Scientific American/Reminiscences of Sewing Machine Inventors

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Reminiscences of Sewing Machine Inventors
Scientific American, v 14 (os) no 8, p 61, 30 October 1858.[1]

We have often thought that reminiscences touching the mental operations and the rights and wrongs of inventors, if they could be brought under the graphic pen of a Charles Dickens, would form a most instructive and amusing volume. From an experience of more than thirteen years with the order of persons usually denominated "geniuses," many facts of an interesting nature suggest themselves to our minds. In the present instance, we venture to say a few words bearing only upon one class.

Elias Howe, Jr., of Cambridge, Mass., obtained a patent for the first practically useful sewing machine in 1846. For several years it was a source of annoyance and expense to him, with little or no pecuniary profit. Since that time many improvements have been patented, and the manufacturing of sewing machines is now one of the most extensive businesses in the United States, and thousands are sold annually. Elias Howe, Jr., once a poor inventor, with few friends, now receives, from the most prominent makers of sewing machines, a tribute that will make him, before the first term of his patent expires (1860), one of the wealthiest men in this country. We do not speak from any positive knowledge of the facts, but his present annual income cannot be calculated at less than $100,000; certain it is, that, in the course of a single month, he must have received from one establishment no less than $6,000, judging from the number of machines sold by that concern. On almost any pleasant day a portly man with flowing hair, white cravat, and broad brimmed Kossuth hat, may be seen on Broadway, dashing along behind a splendid pair of fancy horses, fit for the stud of an emperor, and with all the ease and independence of a millionaire. That man is Elias Howe, Jr., once the poor and humble inventor. We rejoice in the good fortune of our old friend, and can only say to him that he is entitled to all that he has received.

In the year 1849, there came into our office a spare-looking humble man, hailing from Pittsfield, Mass. After taking a cursory survey of the modest premises which we then tenanted, and feeling a degree of security that he could trust to our integrity and honor, he carefully untied a handkerchief, and brought out two models -- one a sewing machine, the other a rotary steam engine. He was a poor inventor, and had not the means to take patents for both of his daring projects; and upon our advice he gave us an order to proceed to secure his right on the sewing machine, which we accordingly did. Subsequently his Letters Patent issued, and he unsuspectingly entrusted his affairs in the hands of unprincipled men, and he was cheated. Nothing daunted, he set his prolific genius at work, and as the result, A.B. Wilson soon produced an almost perfect sewing machine, which, under the good business management of Nathaniel Wheeler (we wish every inventor could secure such an efficient and honest cooperator) is now a triumph. Should any of our readers chance to visit the neat village of Watertown, Conn., they will find that the occupant of one of its most beautiful mansions is no less a personage than our once poor client with his cotton handkerchief full of inventions.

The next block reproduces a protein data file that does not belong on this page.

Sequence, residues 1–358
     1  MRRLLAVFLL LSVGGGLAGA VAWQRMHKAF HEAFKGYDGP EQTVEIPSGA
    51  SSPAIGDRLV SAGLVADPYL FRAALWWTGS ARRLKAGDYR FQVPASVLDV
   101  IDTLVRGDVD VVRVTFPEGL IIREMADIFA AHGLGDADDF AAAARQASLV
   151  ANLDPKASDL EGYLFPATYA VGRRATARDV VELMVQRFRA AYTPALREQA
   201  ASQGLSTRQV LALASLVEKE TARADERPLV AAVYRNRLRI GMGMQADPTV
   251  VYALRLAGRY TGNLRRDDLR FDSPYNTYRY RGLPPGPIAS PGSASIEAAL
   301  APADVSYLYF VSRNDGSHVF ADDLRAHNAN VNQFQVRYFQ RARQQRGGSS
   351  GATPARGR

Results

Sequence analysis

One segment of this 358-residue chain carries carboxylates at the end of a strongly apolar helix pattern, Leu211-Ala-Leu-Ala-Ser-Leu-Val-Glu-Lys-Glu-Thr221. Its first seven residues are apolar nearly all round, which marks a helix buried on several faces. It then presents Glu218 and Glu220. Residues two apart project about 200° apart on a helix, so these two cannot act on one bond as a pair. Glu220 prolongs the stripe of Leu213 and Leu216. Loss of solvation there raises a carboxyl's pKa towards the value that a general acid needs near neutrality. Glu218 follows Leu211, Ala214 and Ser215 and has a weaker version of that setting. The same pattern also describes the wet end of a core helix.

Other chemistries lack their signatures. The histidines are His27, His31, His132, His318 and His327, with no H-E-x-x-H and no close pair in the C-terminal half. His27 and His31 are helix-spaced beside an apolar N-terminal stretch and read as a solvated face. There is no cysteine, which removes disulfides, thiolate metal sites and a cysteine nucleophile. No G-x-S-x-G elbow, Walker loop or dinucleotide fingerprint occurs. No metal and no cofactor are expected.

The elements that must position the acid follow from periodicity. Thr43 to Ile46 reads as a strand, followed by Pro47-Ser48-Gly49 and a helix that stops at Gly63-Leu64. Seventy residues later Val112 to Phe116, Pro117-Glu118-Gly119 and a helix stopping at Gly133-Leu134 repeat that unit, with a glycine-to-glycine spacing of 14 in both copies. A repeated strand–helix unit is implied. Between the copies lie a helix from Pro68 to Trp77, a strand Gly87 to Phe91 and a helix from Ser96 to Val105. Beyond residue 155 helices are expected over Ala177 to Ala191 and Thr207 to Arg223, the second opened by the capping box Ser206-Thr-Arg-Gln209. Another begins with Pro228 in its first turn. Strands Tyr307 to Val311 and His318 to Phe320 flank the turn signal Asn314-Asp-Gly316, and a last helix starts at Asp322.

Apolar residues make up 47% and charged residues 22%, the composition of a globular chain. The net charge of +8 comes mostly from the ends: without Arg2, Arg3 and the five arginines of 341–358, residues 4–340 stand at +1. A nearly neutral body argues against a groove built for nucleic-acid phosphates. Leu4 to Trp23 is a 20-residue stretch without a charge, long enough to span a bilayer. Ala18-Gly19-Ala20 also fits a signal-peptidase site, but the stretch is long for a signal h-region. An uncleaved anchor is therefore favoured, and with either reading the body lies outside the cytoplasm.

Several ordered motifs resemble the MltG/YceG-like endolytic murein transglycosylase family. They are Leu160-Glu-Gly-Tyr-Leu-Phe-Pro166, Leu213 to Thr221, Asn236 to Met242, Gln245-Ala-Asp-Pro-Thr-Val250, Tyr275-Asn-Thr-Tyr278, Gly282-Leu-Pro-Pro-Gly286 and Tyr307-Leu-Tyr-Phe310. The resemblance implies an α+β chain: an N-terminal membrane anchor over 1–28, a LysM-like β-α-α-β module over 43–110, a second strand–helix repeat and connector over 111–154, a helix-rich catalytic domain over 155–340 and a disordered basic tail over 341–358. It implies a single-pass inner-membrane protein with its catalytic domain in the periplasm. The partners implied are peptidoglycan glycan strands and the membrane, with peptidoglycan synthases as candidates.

In the same year (1849), a young machinist, with a small capital but an honorable ambition, opened a small shop at No. 83 Gold street, within a stone's throw of our office. With a considerable stock of ingenuity, and the advantage of ready hands, he applied himself to render the sewing machine available to various arts, and did much toward this result; but, possibly acting under some prejudice that patents were humbugs, and inventors ditto, he did not secure his rights, as he should have done; and not until he saw his improvements subsequently taken advantage of by others, did he awake to the value and importance of securing his improvements to himself. He let the "liquid chance go by;" as it is only within twelve or eighteen months that A. Bartholf (who is now an extensive manufacturer of sewing machines at No. 489 Broadway) has placed himself in a position to reap a suitable reward for his genius and industry. If he had been anything else than a most persevering and industrious man, he would have been stranded high and dry by the other energetic pioneers in the race.

Had we time and space enough to enter upon this subject in a more extended detail, we could furnish interesting items in the life of Isaac M. Singer, a veteran inventor and manufacturer of sewing machines; also of Grover & Baker, and others engaged in the same branch of manufacturing. Enough has been said to show what has been accomplished, in less than ten years, in the improvement of sewing machines. The same remarks will apply to other branches in which inventive talent has been employed and richly remunerated. During this time we have not been mere idle lookers-on. We have had a professional hand in this business, beginning as far back as the time when Howe (through the aid of a Mr. Thomas, who was then an extensive corset maker in London) undertook to introduce his first humble sewing machine into England. The original drawings in this case were made by our Chief Examiner; and since that time, hundreds of applications for patents on sewing machines have passed through the Scientific American Patent Agency.